ARC holders angered over coronavirus test requirement to enter Taiwan

Foreign residents complain about being unfairly targeted by Taiwan's coronavirus testing requirement

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(CNA photo)

TAIPEI (Taiwan News) — Foreign residents of Taiwan are lodging complaints with the government over a policy that requires Alien Resident Certificate (ARC, 居留證) holders to provide proof of a negative test result for the Wuhan coronavirus (COVID-19).

On June 24, the Ministry of Foreign Affairs (MOFA) announced that it would allow foreign nationals to travel to Taiwan for reasons other than tourism and "regular social visits," with the requirement that they submit proof upon arrival of a negative nucleic acid test (NAT) report for the coronavirus that had been completed within three days before boarding a flight to the country. After airport screening procedures, the passengers must begin a 14-day quarantine period (with the exception of business travelers from low- and medium-risk countries, who only have to undergo 5- and 7-day quarantines, respectively) and pass another test for COVID-19 before they can be released.

As can be seen from a chart posted by the National Immigration Agency (NIA) on Monday (June 29), foreign visitors, including Hong Kong citizens, Macau citizens, and ARC holders, are subject to this testing requirement. However, many foreign residents have complained on Facebook that Taiwanese, foreign students, migrant workers, and Chinese spouses are exempt from the testing requirement and need only undergo the 14-day home quarantine.

Some have complained that tax-paying foreign residents were being lumped into the same category as tourists, although tourists are actually still banned from traveling to Taiwan. Others questioned the logic of forcing ARC holders to undergo testing beforehand, while foreign students and migrant workers are not.

The explanation provided by MOFA and the Central Epidemic Command Center (CECC) in their press releases is that because the entry of foreign diplomats, migrant workers, and foreign students is being supervised by MOFA, the Ministry of Labor, and the Ministry of Education, the "risk levels for these groups are manageable." Some commentators on social media have taken this to mean that Taiwan considers foreign residents to be somehow "unmanageable" and is unfairly singling them out.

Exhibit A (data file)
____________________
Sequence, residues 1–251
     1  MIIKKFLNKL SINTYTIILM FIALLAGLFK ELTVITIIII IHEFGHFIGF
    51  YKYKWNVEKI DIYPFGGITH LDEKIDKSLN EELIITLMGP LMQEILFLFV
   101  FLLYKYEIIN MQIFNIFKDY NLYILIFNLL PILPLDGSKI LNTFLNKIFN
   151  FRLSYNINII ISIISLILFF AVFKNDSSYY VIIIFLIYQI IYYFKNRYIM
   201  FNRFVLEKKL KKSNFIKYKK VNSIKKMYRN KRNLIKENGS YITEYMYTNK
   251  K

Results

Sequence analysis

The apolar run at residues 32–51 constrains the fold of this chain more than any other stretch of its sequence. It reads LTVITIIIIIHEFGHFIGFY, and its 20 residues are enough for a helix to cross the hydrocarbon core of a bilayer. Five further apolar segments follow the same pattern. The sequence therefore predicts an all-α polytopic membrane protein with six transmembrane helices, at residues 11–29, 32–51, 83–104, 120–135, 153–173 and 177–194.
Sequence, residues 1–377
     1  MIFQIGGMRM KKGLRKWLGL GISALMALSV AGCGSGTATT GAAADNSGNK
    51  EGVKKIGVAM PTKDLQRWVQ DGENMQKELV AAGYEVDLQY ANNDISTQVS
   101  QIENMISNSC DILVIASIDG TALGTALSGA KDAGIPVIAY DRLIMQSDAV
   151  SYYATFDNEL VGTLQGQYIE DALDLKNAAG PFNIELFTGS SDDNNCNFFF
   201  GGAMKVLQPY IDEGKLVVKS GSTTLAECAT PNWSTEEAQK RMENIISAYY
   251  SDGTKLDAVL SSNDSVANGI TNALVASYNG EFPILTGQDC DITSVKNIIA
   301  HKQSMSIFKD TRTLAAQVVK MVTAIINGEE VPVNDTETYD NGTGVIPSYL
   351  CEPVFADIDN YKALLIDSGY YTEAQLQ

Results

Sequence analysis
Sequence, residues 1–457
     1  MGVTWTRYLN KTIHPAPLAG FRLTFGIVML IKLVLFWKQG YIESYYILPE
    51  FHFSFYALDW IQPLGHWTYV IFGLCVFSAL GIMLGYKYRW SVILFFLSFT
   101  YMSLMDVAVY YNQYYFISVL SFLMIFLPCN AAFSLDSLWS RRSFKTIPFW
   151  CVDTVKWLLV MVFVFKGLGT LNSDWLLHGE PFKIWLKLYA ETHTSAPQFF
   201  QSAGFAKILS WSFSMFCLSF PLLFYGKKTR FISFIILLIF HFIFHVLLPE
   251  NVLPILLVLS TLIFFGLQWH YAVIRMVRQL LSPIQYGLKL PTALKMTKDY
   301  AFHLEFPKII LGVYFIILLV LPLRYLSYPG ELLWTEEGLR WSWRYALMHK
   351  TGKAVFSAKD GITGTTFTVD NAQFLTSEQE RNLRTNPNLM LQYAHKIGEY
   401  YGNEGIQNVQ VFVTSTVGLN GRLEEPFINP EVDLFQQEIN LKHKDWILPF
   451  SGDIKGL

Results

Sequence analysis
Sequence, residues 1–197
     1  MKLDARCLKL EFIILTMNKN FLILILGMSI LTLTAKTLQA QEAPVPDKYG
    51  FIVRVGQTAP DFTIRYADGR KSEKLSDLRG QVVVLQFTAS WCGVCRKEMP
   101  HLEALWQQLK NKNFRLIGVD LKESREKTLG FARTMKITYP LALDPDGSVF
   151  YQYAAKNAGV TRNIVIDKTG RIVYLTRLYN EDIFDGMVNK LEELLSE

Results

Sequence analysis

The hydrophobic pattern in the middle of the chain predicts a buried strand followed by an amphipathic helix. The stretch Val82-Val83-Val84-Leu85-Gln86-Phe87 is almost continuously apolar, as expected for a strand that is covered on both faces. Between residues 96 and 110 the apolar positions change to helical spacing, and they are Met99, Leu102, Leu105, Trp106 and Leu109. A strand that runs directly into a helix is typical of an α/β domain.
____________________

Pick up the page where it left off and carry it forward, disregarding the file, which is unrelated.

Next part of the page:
When Minister of Health and Welfare and CECC head Chen Shih-chung (陳時中) first announced the testing policy for foreigners on June 8, he said that the CECC would not implement mass testing for Taiwanese entering the country from abroad since the government is obligated to treat them if they are infected. However, he said the government is not obligated to treat infected foreign travelers and claimed that if sick foreign passengers are allowed to enter without screening, they could quickly start a local outbreak.

Chen's comments at the time were taken as discriminatory by some in the foreign community and have angered foreign residents further now that it has become apparent that ARC holders, who generally also have National Health Insurance cards, are among those Taiwan is "not obligated to treat." Some foreign residents feel that this testing policy, combined with the fact that they are not eligible, for the stimulus vouchers, adds insult to injury and tarnishes the image that Taiwan is trying to portray as a country that welcomes foreign talent.

In an attempt to affect change, foreign netizens are writing letters to Chen's Minister of Health and Welfare Mailbox to ask that the policy be amended to provide an exemption of the testing requirement for ARC holders.